The POW Rebellion

The POW Rebellion
The POW Rebellion
The POW Rebellion

After Decred reduced the mining reward to 10% per block there was always going to be some fallout. But the question should be, Is this the start of a trend that moves away from POW? and what can miners do to prevent more projects exiting the Proof of work economy?

The following video demonstrates how to mine on the Decred blockchain and how the recent block reward change is likely to impact the project and the miners.

Sad to see a project moving away from PoW, but that is what happens when miners don't support the project. It's a reoccurring theme...because we kinda live in an era where way too many miners are acting like leeches. These industrialized mining farms are cash businesses with cash backers that don't give a **** about the coin. They want to make a bunch of money and that's kinda it.

Decred is the first but unlikely to be the last

Decred is not the only blockchain suffering from miners not caring about the project and using its large mined coin reserves to exert influence and extract large amounts of profit, at the expense of the project.

The start of a trend that moves away from POW?

Looking at projects like Decred, Ethereum and ZCash, it would suggest that there is a movement away from POW mining as the preferred security mechanism. It’s widely understood that ASIC mining has becoming massively centralised. And any project outside of Bitcoin BTC is unlikely to have long-term security without implementing at least one additional layer of security, e.g. chain locks or a Proof of stake (POS) layer.

What can miners do to prevent more projects exiting the Proof of work economy?

Cleaning up their act might be a good starting point. ASIC manufacturing could be more diverse, with new machines easier to purchase. ASIC manufacturers could also offer better after sales support for their machines. Individual miners could join or start a new pool with a smaller percentage of the hash rate. And ultimately show more conviction for the projects they're mining.

It would be easy for a miner to reject these suggestions under the guise of needing to pay bills and recoup expenses, but this is the same reason projects are starting to question the effectiveness of miners. Low conviction = Low security.

A more common approach / response to this question is for miners to publicly criticise, belittle a project trying to move away from pure proof of work. Berating a project with phrases like:

  • “It’s an old project, that has no use cases”
  • “You can tell from the price that it's under performing”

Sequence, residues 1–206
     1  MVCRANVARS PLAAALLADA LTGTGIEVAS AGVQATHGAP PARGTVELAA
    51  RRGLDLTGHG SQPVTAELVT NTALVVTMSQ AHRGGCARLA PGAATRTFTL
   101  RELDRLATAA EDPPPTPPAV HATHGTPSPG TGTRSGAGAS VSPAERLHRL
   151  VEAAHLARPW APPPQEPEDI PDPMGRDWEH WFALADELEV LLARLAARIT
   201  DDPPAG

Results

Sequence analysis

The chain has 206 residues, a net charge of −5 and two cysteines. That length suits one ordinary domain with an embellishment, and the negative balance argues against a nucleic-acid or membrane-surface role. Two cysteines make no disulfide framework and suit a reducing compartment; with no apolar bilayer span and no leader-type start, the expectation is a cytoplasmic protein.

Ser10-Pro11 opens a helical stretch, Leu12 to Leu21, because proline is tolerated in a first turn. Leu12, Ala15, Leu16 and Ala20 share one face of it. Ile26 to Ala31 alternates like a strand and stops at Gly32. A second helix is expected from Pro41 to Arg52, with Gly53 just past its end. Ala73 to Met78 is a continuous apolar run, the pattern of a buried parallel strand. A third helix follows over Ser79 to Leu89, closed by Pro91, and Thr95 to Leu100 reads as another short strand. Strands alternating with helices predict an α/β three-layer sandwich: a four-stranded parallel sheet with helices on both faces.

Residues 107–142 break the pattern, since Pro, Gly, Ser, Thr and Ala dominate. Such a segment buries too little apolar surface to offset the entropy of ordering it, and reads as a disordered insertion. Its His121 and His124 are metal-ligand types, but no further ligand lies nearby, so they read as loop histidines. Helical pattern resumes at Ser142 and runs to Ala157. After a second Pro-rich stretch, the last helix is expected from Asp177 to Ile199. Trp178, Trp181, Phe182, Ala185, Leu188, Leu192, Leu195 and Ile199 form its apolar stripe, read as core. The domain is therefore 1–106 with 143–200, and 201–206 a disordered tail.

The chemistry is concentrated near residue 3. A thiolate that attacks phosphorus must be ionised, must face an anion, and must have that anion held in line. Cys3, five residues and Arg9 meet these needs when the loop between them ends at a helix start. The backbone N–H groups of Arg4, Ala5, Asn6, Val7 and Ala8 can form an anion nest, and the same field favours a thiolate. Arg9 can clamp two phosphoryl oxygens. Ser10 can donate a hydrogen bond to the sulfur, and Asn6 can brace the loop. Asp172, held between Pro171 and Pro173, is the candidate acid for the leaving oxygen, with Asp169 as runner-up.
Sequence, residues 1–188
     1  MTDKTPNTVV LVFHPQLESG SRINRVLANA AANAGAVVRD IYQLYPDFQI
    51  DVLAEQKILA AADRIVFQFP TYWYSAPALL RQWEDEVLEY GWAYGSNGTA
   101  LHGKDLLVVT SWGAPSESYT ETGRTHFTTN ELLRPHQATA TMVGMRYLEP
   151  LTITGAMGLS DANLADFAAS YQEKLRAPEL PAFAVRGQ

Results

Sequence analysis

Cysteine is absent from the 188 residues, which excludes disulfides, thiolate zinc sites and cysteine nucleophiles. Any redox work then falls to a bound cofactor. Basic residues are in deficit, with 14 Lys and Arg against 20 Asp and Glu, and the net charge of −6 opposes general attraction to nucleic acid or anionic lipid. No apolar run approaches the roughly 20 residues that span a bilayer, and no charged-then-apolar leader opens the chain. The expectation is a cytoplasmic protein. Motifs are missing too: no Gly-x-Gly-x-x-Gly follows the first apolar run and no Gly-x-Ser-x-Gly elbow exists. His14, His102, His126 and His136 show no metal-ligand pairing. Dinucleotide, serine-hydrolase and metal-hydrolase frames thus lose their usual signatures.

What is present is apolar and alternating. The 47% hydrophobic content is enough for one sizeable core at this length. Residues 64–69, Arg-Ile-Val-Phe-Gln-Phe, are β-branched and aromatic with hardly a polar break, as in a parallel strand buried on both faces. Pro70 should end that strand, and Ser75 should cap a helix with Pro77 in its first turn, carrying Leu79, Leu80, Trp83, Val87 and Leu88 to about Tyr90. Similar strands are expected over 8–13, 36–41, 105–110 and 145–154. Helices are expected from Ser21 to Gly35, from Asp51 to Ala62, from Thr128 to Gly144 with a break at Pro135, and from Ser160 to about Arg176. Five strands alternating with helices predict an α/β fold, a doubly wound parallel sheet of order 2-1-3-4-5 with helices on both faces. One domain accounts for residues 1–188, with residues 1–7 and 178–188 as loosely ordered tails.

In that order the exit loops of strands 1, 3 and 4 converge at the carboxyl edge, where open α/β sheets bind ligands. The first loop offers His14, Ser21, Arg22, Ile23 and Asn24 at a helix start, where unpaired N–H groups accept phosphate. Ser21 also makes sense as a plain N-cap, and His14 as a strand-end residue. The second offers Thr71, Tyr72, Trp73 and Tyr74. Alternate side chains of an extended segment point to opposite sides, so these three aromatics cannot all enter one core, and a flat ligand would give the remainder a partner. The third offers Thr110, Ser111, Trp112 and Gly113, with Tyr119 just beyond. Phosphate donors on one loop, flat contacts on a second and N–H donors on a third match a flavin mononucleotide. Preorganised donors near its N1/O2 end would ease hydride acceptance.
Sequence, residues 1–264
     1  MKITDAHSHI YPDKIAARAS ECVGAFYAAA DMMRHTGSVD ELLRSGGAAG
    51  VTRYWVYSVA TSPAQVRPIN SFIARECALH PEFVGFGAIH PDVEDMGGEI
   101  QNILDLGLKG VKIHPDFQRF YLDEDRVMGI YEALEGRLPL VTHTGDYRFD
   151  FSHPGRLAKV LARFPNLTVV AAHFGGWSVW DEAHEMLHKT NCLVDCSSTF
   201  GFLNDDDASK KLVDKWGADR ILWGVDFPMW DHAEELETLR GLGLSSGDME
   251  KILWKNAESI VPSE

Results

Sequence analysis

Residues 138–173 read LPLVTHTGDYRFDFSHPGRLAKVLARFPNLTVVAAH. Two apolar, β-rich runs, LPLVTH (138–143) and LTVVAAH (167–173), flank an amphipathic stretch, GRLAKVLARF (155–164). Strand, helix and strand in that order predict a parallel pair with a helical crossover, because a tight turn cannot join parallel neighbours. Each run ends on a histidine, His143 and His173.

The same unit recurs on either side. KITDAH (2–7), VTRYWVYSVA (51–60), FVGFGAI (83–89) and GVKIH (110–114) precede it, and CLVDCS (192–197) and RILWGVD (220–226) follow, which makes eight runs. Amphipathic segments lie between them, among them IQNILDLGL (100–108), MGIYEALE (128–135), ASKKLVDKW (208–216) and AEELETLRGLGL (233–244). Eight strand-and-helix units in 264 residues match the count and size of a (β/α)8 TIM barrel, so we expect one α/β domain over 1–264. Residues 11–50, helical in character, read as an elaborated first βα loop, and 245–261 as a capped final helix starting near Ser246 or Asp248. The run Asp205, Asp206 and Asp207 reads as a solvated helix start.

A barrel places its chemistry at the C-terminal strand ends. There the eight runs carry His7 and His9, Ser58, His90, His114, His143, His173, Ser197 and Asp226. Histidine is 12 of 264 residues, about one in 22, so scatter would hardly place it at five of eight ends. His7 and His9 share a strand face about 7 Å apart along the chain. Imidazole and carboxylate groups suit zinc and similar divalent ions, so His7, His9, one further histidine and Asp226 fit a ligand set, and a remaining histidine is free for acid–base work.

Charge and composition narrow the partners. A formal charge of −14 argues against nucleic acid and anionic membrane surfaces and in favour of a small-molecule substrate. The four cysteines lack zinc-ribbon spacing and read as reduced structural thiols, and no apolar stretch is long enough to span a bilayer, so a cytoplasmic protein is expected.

• “I don’t really follow the project cos it's boring and doesn’t honestly do anything”
  • “Its big feature is … but no one really cares about that any more”

“Its big feature is … but all these new projects are doing it so much better”

It always amuses me when they call a six-year-old project, OLD. This stems from current culture’s perception of new being better and is used as a derogative term to play on those emotions, which of-course is pure nonsense in a technical debate. This is why we have upgrades!

This argument also never refers to or references the development milestones or the fact that developing takes time. A six-year-old project hasn’t even finished its first development cycle. And suggesting a six-month-old project is likely to be better plays to the casino crowd. When, in truth, said project is likely to either have been copied from another project or is an unbuilt concept that has published a coin to fund-raise.

As I always say, if you want to see how a project is performing, look at the block explorer and investigate the open-source development logs. This stuff takes time, and the mission should be to fix problems. Ultimately, the biggest concerns in blockchain normally revolves around centralisation. This is why I Decred!

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Disclaimer — Please note the above research is not financial advice and you should always do your own due diligence before investing your money. Investments can go down as well as up and cryptocurrencies are typically volatile assets.

The views expressed in this article are that of the author and based on the authors own research and investigation. The author is happy to receive comments, feedback and suggested edits for this channel to help evolve the open nature of the discussion.